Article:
Shock: Protecting Children From Peanuts Causes Peanut Allergies

AP Photo/Patrick Sison, File

Over the past two decades, the incidence of peanut allergies among children has skyrocketed. 

Kids are 350% more likely to be allergic to peanuts than 20 years ago. That is a shocking increase, and the real-world consequences are significant. It's not just that a bunch of kids can't eat peanut butter and jelly sandwiches; they are at risk of anaphylactic shock just being around peanut butter and jelly sandwiches. 


People on planes are worried about peanuts, for God's sake. And as frustrating as that is, it's not an insane worry for some people. 

So what's going on?

The answer is pretty simple: we are protecting kids from peanuts, and the result is that kids are put in danger by peanuts. They would have been much better off if they had been eating peanut butter from an early age (and it is a good source of protein, and peanut noodles are AWESOME!). 

Children who consume peanut products from infancy are significantly less likely to develop peanut allergies by early adolescence, according to a study published Tuesday in the journal NEJM Evidence.

The study, which followed more than 500 participants until the age of 12, confirmed what previous research has found but tracked the children for longer than most previous work.

Michelle F. Huffaker, one of the authors of the study and the director of translational medicine at the University of California at San Francisco, said it was “extraordinary” to be able to demonstrate that early exposure to peanuts was correlated with a lower rate of peanut allergy lasting at least to age 12.

“It was certainly what we’d hoped to see,” she said. Another study, referred to as the LEAP trial, examined children up to age 5, but “it wasn’t clear that that was necessarily enough time to prove long-term tolerance,” she added.


I'm shocked, I tell you. Shocked!

As a kid who was born on the cusp of Gen X--I was born in 1964, which is technically a Boomer, but I don't think anybody who wasn't eligible for the draft or going to Woodstock is a Boomer--my parents were of the "free range" variety. Extremely free range, actually. But I won't talk about my childhood.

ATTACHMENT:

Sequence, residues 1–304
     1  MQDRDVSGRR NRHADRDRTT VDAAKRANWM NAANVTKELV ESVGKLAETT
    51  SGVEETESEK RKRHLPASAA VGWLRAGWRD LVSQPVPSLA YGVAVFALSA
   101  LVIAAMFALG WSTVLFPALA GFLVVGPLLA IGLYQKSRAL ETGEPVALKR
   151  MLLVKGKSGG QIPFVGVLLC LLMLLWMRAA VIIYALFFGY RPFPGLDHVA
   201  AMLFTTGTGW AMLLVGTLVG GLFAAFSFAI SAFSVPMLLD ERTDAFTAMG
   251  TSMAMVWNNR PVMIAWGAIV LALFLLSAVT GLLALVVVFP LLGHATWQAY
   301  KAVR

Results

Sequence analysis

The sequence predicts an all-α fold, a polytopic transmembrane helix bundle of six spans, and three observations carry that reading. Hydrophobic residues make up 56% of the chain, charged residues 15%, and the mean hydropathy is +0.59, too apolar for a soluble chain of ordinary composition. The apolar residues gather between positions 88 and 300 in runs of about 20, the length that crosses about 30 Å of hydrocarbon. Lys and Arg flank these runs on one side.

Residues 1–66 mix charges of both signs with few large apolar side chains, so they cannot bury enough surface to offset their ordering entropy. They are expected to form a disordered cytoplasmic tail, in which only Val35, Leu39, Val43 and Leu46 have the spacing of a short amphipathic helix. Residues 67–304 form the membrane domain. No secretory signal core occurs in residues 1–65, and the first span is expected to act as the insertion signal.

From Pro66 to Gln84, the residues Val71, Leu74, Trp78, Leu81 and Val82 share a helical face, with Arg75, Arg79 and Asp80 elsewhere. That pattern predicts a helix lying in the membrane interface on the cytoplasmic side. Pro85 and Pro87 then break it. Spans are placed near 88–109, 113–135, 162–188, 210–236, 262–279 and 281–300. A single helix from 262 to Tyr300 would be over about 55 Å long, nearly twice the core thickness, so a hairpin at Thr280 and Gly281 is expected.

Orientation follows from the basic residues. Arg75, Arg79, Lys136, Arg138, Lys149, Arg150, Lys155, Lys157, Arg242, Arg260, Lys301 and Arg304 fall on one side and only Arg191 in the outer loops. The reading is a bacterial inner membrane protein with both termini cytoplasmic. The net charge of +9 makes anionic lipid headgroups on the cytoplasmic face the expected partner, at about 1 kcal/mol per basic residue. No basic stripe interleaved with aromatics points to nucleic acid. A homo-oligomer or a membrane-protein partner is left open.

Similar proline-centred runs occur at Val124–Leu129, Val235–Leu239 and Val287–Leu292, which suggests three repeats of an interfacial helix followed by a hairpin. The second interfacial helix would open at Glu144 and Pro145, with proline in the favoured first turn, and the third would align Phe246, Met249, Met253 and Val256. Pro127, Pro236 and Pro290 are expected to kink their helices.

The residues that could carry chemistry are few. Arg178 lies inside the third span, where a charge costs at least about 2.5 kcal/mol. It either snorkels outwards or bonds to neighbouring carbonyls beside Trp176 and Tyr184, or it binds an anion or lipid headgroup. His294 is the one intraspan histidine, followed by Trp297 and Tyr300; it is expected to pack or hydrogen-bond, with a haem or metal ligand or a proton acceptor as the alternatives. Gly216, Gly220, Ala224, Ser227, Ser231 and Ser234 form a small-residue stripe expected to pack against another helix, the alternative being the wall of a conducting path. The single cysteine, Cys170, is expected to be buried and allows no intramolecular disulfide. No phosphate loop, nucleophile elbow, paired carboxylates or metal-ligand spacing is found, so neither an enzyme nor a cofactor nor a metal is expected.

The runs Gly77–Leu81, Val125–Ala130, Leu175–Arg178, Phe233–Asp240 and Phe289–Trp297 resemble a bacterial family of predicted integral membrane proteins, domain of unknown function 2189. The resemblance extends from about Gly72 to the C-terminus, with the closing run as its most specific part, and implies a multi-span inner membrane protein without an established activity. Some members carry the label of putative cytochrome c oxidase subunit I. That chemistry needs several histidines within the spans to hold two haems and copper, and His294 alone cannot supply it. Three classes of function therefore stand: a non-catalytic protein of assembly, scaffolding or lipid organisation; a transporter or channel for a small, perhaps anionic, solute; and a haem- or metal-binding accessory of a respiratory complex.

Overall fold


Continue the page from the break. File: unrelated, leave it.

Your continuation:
Sometime after my childhood came the helicopter parents, who monitored everything, scheduled every moment, and made sure their kids were protected from every bump, germ, and potential danger. These parents thought they were doing the right thing--ensuring their kids' futures--but what they were doing was reducing resilience and, indeed, the immune system. 

Playing in dirt, eating a variety of foods, adapting to our environments, and learning how to take care of ourselves should all be part of growing up. For too many kids, the opposite is the case. 

Food allergies among children in the United States doubled from 2000 to 2018, according to a Washington Post analysis of the Centers for Disease Control and Prevention’s National Health Interview Survey last year. Multiple likely causes include underexposing children to potentially allergenic substances.


Never in American history have there been so many mentally ill kids. We have raised a generation or two of kids whose bodies are unable to cope with basic things like peanut butter, and heaven forbid they encounter anybody whose opinion differs from their own. 

Colleges are obsessed with "safe spaces" for anybody but Jews, and anybody who disagrees with a trans person is committing "genocide." Schools teach "Social and Emotional Learning" to kids, and they come out unable to cope with almost any disagreement. 

At least, that's true for the affluent. At the other end of the social scale, disagreements more frequently end up in physical confrontations, but that is a different story. I doubt that poorer kids are worried about peanuts nearly as much as the children of AWFLs. 

As usual, the AWFLs are awful. They have the judgment of Joe Biden on a bad day. 

I have a relative raising a child whose favorite pastimes are playing in the dirt, picking fruit off of trees and eating it without washing, and running around in the sunshine. She is supremely unconcerned with bugs, dirt, microbes, or peanuts. 

Something tells me her immune system will be working well as she grows up. Nobody talks to her about her self-esteem; instead, she is encouraged to explore, try, and achieve on her own. There's a TV in the house, but reading is the entertainment almost all the time. 


She'll be fine. More kids should live like this. 

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John Stossel 1:00 PM | June 15, 2024